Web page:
Artists impression of Albertonectes by Smokeybjb
Trinacromerum by Nobu Tamura
The second group of marine reptiles found in Alberta is the mosasaurs. Mosasaurs lived only in the Late Cretaceous, and were the dominant marine predators during this time. They were strong swimmers, and even better predators, reaching lengths from 3-18 m and having double-hinged jaws much like modern snakes, allowing them to open their mouths wide and swallow prey. Prognathodon, a rare, large-jawed mosasaur has been identified by a few specimens in Alberta, including one nearly complete specimen from near Lethbridge [2]. These were found by the Korite International, an ammolite mining company, while mining for ammolite. Another possible specimen was discovered in 2012 in a mine as well. Another mosasaur, Plioplatecarpus, which has proportionally larger eyes than other mosasaurs, was identified from an incomplete specimen found in southern Alberta.
Artists impression of Prognathodon
Plesiosaurs and mosasaurs are just two of the groups of marine fossil animals that have been found so far in Alberta. Other groups include fishes, sharks, and possibly pliosaurs as well. I hope this has given an insight into the non-terrestrial fossils that can be found in Alberta, and the kinds of marine reptiles often found!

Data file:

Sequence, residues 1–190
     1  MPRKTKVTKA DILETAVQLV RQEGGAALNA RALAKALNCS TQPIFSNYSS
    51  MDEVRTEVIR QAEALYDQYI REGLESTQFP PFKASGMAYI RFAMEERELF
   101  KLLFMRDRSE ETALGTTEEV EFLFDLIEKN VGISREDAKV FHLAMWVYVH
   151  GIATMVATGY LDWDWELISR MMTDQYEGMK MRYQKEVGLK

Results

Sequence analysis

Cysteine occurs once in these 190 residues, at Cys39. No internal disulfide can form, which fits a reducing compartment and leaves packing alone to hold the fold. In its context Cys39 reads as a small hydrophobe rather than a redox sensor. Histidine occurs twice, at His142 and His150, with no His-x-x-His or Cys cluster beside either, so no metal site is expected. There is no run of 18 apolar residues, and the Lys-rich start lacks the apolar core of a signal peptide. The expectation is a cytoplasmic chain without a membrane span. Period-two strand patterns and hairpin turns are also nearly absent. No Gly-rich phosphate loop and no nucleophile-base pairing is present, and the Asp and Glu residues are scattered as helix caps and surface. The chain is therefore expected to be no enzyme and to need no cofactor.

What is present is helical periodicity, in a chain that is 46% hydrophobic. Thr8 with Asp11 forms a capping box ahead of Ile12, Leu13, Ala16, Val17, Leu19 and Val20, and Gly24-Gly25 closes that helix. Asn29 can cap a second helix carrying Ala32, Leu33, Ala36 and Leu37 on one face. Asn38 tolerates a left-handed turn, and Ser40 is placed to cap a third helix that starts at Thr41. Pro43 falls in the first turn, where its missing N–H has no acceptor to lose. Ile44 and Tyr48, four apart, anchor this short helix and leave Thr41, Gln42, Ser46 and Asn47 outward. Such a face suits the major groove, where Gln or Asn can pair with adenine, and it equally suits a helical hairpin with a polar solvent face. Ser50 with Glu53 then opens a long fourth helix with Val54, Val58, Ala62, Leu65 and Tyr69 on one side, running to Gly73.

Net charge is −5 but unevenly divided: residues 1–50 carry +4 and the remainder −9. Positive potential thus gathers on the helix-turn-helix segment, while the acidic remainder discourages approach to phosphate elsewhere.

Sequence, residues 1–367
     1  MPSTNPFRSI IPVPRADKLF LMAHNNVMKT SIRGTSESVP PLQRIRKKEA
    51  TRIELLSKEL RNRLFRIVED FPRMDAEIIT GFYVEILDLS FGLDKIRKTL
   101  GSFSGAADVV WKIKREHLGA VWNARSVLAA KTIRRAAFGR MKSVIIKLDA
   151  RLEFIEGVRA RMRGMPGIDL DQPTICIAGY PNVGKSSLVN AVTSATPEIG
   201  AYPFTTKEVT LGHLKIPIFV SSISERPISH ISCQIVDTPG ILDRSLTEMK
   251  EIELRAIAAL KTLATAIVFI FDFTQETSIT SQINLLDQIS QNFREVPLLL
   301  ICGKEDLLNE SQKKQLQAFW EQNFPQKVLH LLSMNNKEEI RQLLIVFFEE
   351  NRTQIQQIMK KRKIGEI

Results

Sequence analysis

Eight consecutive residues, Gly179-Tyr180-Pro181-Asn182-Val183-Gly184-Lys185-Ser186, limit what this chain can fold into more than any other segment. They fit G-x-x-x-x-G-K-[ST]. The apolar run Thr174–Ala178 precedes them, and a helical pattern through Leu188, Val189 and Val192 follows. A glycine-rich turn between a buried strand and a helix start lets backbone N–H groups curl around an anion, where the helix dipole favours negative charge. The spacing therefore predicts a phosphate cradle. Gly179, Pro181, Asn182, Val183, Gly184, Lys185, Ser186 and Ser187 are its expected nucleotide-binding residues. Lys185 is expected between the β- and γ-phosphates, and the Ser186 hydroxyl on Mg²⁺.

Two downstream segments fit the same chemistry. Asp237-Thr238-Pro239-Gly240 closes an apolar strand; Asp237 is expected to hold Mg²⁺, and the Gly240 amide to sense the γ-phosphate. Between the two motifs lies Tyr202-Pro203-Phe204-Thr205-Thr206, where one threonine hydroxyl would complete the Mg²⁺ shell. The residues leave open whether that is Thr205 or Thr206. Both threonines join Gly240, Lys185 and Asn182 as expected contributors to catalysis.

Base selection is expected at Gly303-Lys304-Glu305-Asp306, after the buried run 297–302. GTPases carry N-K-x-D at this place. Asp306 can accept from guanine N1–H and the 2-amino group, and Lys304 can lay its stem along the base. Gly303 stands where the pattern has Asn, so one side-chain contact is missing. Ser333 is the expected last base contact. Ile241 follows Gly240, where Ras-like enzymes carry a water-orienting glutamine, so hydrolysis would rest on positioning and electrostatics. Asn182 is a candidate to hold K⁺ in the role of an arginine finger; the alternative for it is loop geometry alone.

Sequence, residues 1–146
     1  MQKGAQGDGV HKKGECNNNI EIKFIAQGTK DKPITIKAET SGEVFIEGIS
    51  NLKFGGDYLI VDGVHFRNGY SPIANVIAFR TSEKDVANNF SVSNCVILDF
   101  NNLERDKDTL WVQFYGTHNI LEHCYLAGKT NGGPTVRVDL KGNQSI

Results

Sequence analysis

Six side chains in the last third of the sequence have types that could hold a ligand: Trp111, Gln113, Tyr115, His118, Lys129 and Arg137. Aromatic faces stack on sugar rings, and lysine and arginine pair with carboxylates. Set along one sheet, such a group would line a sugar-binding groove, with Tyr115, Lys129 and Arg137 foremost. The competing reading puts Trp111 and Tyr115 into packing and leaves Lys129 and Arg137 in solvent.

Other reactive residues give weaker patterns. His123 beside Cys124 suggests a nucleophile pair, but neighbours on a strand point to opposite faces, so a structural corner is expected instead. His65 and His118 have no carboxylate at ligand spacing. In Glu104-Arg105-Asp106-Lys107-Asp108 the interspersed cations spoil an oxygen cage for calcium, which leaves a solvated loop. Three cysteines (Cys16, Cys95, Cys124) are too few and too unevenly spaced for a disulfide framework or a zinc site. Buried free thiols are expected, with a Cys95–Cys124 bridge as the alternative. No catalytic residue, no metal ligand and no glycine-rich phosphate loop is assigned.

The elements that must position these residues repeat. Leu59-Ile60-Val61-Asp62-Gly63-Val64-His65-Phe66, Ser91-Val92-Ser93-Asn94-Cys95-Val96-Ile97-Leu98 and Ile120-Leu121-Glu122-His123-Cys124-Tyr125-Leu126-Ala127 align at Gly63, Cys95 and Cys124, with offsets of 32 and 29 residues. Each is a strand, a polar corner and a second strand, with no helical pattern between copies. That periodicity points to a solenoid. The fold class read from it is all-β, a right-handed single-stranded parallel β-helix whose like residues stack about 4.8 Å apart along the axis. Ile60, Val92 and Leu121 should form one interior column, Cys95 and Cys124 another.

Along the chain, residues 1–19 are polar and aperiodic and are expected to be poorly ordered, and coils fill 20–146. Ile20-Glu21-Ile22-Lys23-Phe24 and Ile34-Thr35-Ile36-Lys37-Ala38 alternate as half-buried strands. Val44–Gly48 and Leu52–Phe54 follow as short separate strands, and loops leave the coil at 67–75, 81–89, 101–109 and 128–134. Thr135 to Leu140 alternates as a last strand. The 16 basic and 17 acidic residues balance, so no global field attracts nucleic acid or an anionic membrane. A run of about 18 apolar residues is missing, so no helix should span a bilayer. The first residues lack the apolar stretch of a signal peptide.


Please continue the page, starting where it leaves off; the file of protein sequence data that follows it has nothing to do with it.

References:
1. Kubo, T., et al. 2012. Albertonectes vanderveldei, a new elasmosaur (Reptilia, Sauropterygia) from the Upper Cretaceous of Alberta. Journal of Vertebrate Paleontology 32: 557-572.
2. Konishi, T., et al. 2011. New exceptional specimens of Prognathodon overtoni (Squamata, Mosasauridae) from the Upper Campanian of Alberta, Canada, and the systematics and ecology of the genus. Journal of Vertebrate Paleontology 31: 1026-1046.

Monday, 16 September 2013

Dinosaurian Myths: Take 2

Last week, we introduced you to a few different dinosaur-related myths ("Brontosaurus, all dinos were big, and Triceratops is no more) that are particularly irksome in my opinion. This week, we're going to continue on this theme with three more common dinosaurian myths! Since last week was 1-3, this week will continue with 4-6.

4. All large, prehistoric reptiles were dinosaurs